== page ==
Using The Terminal

dBrowser ships with a built-in terminal environment. It is can be compared to the UNIX bash terminal but is only for use with dBrowser and the dWeb in-general.

Getting started

To open the terminal, press Ctrl+~.

dBrowser's terminal uses a command-line syntax that's very similar to bash in UNIX. For example:

command [-s|--switch {param}] {param1} param2}

At this stage, there is no piping or sub-invocations. All commands translate to JavaScript functions which can respond with HTML interfaces.

Included Commands

You can type help at any time to see a full list of available commands. Here are some useful commands that ship with dBrowser:

  • open. Navigate the terminal and the attached page to the given path or URL.
  • cd. Navigate the terminal to the given path or URL.
  • Filesystem
    • ls. List the files in a given location.
    • pwd. Get the current terminal location.
    • mv. Move a file or folder.
    • cp. Copy a file or folder.
    • mkdir. Create a folder.
    • mount. Create a mount-link
    • rm. Delete a file, folder or mount.
    • meta. View or edit the metadata of a file.
    • cat. View the contents of a file.
    • edit. Edit a file
  • Page Interactions
    • page exec. Execute JavaScript on the current page.
    • page inject. Inject CSS into the current page.
  • Command Management
    • commands ls. List installed command packages.
    • commands install. Install a new command package.
    • commands create. Create a new command package.

Environment Variables

dBrowser's builtin terminal environment, supports environment variables in its command invocations. These are words prefixed by a $.

Here is an example:

echo $pwd

To view and modify the environment variables, use the env command. By default, the terminal defines the following environment variables:

  • $@ The URL of the current page which the terminal is attached to.
  • $pwd The URL of the current location which the terminal is working in.

Creating & Installing New Commands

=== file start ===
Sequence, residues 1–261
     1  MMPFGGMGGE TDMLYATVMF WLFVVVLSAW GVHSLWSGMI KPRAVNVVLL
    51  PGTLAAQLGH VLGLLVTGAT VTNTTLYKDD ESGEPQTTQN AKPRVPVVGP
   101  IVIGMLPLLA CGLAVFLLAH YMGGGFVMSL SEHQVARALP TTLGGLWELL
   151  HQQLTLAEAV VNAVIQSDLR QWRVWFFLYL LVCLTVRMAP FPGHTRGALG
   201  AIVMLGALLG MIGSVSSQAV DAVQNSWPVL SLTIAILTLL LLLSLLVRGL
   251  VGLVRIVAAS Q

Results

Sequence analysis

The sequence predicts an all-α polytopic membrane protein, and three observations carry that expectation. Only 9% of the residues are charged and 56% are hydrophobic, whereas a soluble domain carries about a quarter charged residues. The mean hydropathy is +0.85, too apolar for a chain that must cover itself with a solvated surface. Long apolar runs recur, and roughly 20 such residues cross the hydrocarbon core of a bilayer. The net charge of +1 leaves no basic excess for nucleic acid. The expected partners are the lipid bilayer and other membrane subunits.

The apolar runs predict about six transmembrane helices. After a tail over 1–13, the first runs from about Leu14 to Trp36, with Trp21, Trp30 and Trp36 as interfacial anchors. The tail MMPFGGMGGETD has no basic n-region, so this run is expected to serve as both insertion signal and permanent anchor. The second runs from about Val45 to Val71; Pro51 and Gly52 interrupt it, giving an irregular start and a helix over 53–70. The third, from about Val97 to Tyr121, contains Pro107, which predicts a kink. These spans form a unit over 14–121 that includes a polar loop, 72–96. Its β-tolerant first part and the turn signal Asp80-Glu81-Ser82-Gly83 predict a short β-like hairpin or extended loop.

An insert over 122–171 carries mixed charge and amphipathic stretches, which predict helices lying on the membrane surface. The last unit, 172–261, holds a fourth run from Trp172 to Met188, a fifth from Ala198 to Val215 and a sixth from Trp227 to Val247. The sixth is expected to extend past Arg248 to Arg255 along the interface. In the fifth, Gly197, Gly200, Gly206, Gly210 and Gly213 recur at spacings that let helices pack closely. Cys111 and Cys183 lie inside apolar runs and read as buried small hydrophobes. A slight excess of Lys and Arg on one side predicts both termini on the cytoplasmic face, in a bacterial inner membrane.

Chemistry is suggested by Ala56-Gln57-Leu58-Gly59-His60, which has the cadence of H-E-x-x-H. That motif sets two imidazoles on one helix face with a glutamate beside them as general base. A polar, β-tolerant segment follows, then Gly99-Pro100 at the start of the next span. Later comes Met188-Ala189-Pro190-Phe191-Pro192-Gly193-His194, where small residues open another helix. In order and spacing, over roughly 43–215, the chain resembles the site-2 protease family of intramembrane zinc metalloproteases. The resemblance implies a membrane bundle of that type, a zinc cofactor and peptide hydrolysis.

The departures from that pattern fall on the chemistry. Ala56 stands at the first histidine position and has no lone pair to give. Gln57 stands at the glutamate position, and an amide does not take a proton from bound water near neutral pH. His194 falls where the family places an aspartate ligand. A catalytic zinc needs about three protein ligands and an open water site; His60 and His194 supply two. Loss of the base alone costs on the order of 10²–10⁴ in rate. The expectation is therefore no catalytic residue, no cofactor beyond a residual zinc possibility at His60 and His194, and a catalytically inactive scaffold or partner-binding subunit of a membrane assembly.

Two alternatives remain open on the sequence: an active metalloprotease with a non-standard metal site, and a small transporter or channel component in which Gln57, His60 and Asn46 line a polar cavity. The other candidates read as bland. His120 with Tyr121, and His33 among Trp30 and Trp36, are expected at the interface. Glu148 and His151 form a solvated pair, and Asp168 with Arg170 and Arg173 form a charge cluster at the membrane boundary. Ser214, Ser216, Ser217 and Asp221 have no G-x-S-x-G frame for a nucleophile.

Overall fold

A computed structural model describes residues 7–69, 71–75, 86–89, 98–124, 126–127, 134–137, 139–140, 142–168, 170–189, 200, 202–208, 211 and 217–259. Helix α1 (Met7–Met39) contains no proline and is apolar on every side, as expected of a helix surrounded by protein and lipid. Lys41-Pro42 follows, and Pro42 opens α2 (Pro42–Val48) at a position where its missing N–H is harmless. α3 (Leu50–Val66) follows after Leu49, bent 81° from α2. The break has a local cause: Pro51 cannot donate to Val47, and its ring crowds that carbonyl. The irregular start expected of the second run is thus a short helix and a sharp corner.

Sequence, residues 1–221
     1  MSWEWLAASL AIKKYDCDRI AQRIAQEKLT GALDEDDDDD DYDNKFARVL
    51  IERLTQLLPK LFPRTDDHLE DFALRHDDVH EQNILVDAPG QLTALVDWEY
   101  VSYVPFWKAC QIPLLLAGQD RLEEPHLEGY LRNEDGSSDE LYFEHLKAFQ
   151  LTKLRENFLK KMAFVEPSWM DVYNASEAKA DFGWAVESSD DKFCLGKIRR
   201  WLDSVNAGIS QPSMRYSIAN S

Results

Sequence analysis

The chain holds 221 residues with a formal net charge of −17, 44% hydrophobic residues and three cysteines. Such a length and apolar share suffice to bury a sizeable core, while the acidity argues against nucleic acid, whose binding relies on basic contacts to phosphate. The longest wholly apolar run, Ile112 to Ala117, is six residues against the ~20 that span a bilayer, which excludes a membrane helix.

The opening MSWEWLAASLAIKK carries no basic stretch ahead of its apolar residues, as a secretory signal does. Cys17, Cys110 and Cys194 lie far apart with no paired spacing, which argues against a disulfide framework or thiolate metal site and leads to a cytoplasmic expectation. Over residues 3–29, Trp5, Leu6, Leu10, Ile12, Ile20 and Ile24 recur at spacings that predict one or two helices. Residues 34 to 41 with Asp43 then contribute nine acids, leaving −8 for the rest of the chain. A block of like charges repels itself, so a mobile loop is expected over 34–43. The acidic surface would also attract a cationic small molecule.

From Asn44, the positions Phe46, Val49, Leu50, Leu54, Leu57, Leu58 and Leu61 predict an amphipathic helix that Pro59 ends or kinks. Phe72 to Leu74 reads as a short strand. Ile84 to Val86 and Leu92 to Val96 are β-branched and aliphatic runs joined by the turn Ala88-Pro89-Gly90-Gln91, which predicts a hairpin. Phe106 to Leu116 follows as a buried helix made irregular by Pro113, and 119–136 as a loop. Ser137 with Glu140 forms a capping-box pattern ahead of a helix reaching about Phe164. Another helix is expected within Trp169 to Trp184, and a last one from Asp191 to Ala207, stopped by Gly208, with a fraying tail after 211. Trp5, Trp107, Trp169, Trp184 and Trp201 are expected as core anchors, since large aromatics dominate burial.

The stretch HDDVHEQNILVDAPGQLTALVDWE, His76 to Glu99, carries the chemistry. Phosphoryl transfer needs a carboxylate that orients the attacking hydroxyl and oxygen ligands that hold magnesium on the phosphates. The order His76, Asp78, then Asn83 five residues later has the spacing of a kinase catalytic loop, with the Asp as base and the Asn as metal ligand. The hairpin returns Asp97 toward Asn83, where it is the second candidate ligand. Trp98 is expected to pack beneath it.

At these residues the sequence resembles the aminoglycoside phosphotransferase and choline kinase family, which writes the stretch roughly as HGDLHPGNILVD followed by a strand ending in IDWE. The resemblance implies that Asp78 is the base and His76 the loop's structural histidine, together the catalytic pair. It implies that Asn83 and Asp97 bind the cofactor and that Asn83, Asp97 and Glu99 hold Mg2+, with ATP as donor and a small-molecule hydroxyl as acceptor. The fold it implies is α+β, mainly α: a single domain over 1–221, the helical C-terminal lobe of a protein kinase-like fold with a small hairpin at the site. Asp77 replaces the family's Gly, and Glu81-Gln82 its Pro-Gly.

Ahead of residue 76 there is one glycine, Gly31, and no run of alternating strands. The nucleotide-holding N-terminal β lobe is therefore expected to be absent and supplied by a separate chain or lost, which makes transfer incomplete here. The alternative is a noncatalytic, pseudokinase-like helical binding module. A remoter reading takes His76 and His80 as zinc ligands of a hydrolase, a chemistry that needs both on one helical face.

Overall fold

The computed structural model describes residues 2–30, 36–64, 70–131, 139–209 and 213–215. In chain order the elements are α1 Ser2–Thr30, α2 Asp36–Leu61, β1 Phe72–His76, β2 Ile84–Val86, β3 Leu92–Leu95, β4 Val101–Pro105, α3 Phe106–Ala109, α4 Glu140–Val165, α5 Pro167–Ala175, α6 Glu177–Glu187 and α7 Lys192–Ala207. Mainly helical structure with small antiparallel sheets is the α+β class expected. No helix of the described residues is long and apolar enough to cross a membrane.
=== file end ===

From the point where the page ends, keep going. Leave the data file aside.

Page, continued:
You can create your own custom commands within the terminal environment. Newly created commands are bundled into a newly created dDrive, known as a command package.

To create a new command, simply run commands create and it will guide you through the creation of your command package and provide a new drive with basic examples.

caution

dBrowser's builtin terminal commands run with full access to dBrowser's internal APIs and can essentially alter anything.

Command invocations are automatically parsed and passed to the functions that your package's index.js file exports. You will need to include an index.json that provides help and some parsing guidelines for the options. An example index.json can be found below:

{
"type": "webterm.sh/cmd-pkg",
"title": "My Commands",
"commands": [
{
"name": "hello",
"help": "Says hello",
"usage": "hello [-u] [{who}]",
"options": [
{
"name": "uppercase",
"abbr": "u",
"help": "Output in all-uppercase",
"boolean": true,
"default": false
}
]
}
]
}

Here is an example of the index.js file that would go along with the above command:

export async function hello (opts = {}, who = 'world') {
var str = `hello ${who}`
if (opts.uppercase) str = str.toUpperCase()
return str
}

The commands section is an array of objects with the following attributes:

  • name. the name of the command.
  • help. An optional explanation of the command.
  • usage. An optional summary of the command's parameters.
  • options. An optional array of the switch-options which can be provided. Each object can have the following attributes:
    • name. The long name of the option.
    • abbr. An optional short name for the option.
    • help. An explanation of the option.
    • boolean. If true, the option does not accept a value.
    • default. The default value of the option if not specified by the invocation.
  • subcommands. An optional array of objects describing subcommands of this command. Use this when the command is actually a prefix to multiple commands.
    • The objects in this array use the same schema as the commands array.

Commands are invoked with a this object that is populated with some custom APIs:

  • env
    • getAll(). Returns an object containing all current env variables.
    • get(key). Returns the value of the given env variable.
    • set(key,value). Sets the given env variable's value.
    • goto(location). Sets the CWD.
    • focus(). Focuses the terminal prompt.
    • resolve(location. Resolves the given location against the CWD.
  • page
    • goto (location, {newTab}). Navigates the attached page to the given location. If newTab is true, creates a new tab.
    • refresh(). Refreshes the current page.
    • exec(js). Executes the given JavaScript in the current page.
    • inject(css). Injects the given styles in the current page. Returns an ID which can be used in the uninject.
    • uninject(id). Uninjects styles which had previously been injected.
  • out(...args). Outputs the arguments to the terminal console. Can be provided HTML elements.

Example Terminal Usage

this.out('Hello world!')
this.page.exec('alert("pwned!")')
this.env.goto('https://dwebx.org')

Page Commands

Pages can export their own commands, which they define using the dbrowser.terminal API. Page commands are prefixed with the @ symbol.

@open-issue 1
@login --user pfrazee --password hunter2
@help
@go_inbox

Unlike normal terminal commands, page commands run on the page and therefore have no special privileges. They also do not have access to the env, page, out, and other APIs attached to the this object.